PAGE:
Just as this middle class family faces ruin, the vulgar, wheeler dealer Clark Rossiter, the council estate boy who managed to get a place at Charles’ private school, waltzes back into town. Flashing his cash, he buys local businesses and even the Pembertons’ old house. He is also married to Sophie, the object of Charles’ teenage longings.
The whole narrative feels a bit dated. It’s a cliché of the 1980s. The old order pushed aside by the brash barrow boys who made good under Maggie. There is nothing new here, despite the blurb on the back of the book straining to make a connection between the Lloyds debacle and the current economic crisis.
We are also repeatedly told that Clark’s businesses are leveraged to the hilt, a clumsy nod to the current debt-fuelled financial crisis and designed to give the impression that Clark’s voracious business expansion is bound to end in disaster. But the story is set some 15 years before the current crisis and the descriptions of cash-rich banks and investors throwing money around are inaccurate. In the early 1990s, banks were busy recalling loans.
None of the book’s characters are likeable or fully formed enough to be particularly interesting. Charles Pemberton is just plain dull. It is hard to empathise with an accountant whose idea of a good time is to celebrate American Independence Day alone eating burgers, buying cowboy shirts and reading Time magazine (do people like this actually exist?). Come on Charles why don’t you pack your bags, leave your dull little town and actually go to America! But alas, no. Charlie (sorry, Charles) is a small town boy simmering with resentment at the vulgarian invasion, yet also happy to take the new money that comes his way.
He duly makes his stand, burning wads of the odious Clark’s cash. He also shags the lovely Sophie. But by the end I really didn’t care much who won this depressing small town turf war. Of all the characters, Clark holds the most interest. Brash and flash he may be, but he is smart, worked his way out of the council estate and at least possesses a degree of awareness of his many shortcomings, confessing he wouldn’t want his daughter going out with anyone like himself. We also discover at the end of the book that years before his mother had to sleep with the ever-so-respectable Pemberton senior to get him into Charles’ school. The final indignity for poor Charles.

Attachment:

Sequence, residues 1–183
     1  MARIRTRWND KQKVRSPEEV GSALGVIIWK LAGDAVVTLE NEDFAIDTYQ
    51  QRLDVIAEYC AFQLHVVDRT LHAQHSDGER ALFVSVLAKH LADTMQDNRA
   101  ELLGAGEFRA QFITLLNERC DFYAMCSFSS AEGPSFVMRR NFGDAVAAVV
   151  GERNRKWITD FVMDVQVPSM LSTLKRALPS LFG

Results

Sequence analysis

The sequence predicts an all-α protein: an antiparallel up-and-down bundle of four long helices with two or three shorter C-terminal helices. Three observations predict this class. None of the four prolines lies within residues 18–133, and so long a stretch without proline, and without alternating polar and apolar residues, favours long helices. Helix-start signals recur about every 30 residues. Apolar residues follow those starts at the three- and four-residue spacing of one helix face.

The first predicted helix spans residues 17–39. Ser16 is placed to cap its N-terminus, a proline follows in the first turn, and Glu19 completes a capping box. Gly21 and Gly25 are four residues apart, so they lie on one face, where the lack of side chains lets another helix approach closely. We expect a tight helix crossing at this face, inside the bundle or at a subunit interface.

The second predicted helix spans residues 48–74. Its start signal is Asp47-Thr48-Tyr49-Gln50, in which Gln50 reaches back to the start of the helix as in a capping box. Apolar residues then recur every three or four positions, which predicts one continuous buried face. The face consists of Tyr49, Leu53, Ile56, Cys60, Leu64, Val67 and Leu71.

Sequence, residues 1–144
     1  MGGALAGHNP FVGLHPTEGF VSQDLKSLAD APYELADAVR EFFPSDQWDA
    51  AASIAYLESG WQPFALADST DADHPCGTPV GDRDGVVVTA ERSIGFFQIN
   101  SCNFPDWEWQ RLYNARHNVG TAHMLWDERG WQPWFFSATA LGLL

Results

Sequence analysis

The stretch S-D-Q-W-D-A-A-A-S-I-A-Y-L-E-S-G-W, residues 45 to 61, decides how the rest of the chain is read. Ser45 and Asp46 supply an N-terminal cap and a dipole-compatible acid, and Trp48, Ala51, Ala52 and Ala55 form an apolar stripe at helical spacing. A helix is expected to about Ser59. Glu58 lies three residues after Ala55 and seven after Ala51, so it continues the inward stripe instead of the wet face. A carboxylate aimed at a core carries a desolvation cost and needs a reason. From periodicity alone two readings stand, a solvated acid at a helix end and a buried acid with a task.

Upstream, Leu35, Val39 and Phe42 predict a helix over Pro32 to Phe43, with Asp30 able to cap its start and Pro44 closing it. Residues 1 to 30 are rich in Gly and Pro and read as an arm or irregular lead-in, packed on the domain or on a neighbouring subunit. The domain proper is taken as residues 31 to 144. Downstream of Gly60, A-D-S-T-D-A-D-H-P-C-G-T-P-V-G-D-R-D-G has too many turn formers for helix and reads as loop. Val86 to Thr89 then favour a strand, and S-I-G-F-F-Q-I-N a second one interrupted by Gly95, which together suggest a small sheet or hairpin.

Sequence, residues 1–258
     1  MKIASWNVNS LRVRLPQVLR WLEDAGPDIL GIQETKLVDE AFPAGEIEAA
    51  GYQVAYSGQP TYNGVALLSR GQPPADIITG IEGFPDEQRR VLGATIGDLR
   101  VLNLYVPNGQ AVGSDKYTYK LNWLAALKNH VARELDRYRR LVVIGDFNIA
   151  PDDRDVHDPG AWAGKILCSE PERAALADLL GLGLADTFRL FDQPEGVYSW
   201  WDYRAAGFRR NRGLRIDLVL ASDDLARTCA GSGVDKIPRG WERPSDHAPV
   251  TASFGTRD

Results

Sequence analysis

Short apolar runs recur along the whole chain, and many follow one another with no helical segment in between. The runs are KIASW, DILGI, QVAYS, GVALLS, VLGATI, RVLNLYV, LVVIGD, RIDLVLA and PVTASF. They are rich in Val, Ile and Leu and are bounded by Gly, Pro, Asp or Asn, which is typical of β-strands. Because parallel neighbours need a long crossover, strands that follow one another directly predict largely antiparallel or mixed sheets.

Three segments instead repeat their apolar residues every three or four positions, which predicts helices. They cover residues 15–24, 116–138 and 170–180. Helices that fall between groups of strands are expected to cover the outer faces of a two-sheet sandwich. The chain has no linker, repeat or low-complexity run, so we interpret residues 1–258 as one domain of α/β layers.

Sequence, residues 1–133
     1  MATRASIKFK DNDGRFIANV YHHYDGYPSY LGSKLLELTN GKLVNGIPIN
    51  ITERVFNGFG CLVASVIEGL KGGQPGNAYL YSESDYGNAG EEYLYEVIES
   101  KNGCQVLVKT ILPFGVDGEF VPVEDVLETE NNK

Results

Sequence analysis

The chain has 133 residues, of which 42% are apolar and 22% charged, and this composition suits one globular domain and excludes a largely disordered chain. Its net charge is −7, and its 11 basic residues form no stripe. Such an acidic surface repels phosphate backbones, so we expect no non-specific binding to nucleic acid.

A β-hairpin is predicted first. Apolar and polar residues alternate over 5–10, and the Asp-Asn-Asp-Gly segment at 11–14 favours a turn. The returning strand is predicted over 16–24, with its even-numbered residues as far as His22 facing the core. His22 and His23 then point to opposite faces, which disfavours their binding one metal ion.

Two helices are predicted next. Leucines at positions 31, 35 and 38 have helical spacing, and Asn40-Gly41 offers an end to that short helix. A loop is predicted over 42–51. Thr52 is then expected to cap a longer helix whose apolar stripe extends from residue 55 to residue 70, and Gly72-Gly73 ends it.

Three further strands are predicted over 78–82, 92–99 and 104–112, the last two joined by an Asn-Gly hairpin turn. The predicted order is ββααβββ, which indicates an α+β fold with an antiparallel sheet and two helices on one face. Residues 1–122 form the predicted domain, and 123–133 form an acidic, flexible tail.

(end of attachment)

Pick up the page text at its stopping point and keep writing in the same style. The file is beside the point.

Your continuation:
I lived in the home counties during the period the book was set and could barely recognise the rapid social upheaval and tension set out in The Champion. For fictional accounts of this time, I’m happy sticking with the likes of Amis and Hollinghurst.
Audrey: This is the world of the nineteen eighties and nineties as seen by a callous Adrian Mole. The trouble is that for those of us who are Adrian Mole’s contemporaries, it was easier to sympathise with those troubles of a provincial loser. However, Charles Pemberton, the outsider of this story, doesn’t elicit that sympathy, because he never seems real enough.
The trouble with the book is that although it wants to use recent history as a peg from which to hang the story, it’s frustratingly vague about real places and real dates, with the result that nothing seems convincingly remembered. We are somewhere in Kent, some time after 1987. Real events have real consequences – like the Lloyd’s Names scandal – but the historic events aren’t anchored by any of the trivial memories that should go with them to make them real. What did these people look like? Listen to? Watch? Read? I’m not saying that the novel should become a literary version of one of those Channel 4 “100 things you remember about the Nineties” programmes – but it lacks subtlety and texture.
For example, the house where Charles grew up is a focus for many of the book’s emotions: greed, envy, despair and loss – but it’s hard to see it clearly in your mind’s eye. It has “front stairs and back stairs”, and dark panelling, and a greenhouse, but lacks the small details that would conjure it up compellingly. It’s no Howards End, even if we understand the point that these days, Howards End is probably a footballer’s mansion or a care home.
The Champion has many of the faults I associate with Martin Amis: the anti-hero, Large, is sprawling, thuggish and macho; the women are mostly just ciphers, objects of lust with no coherent minds of their own. There’s also a casual brutality towards minor characters in the service of satire. One dies, for example, in a car crash on the way back from a booze cruise to Calais on the Euroshuttle. (Was it ever even called the Euroshuttle?)
The book’s premise seems to be that nothing good has happened, at all, since 1979; but it’s not sure whether what came before was any better – the old world of pubs and croquet lawns is as corrupt and false as the new one of wine bars and swimming pools.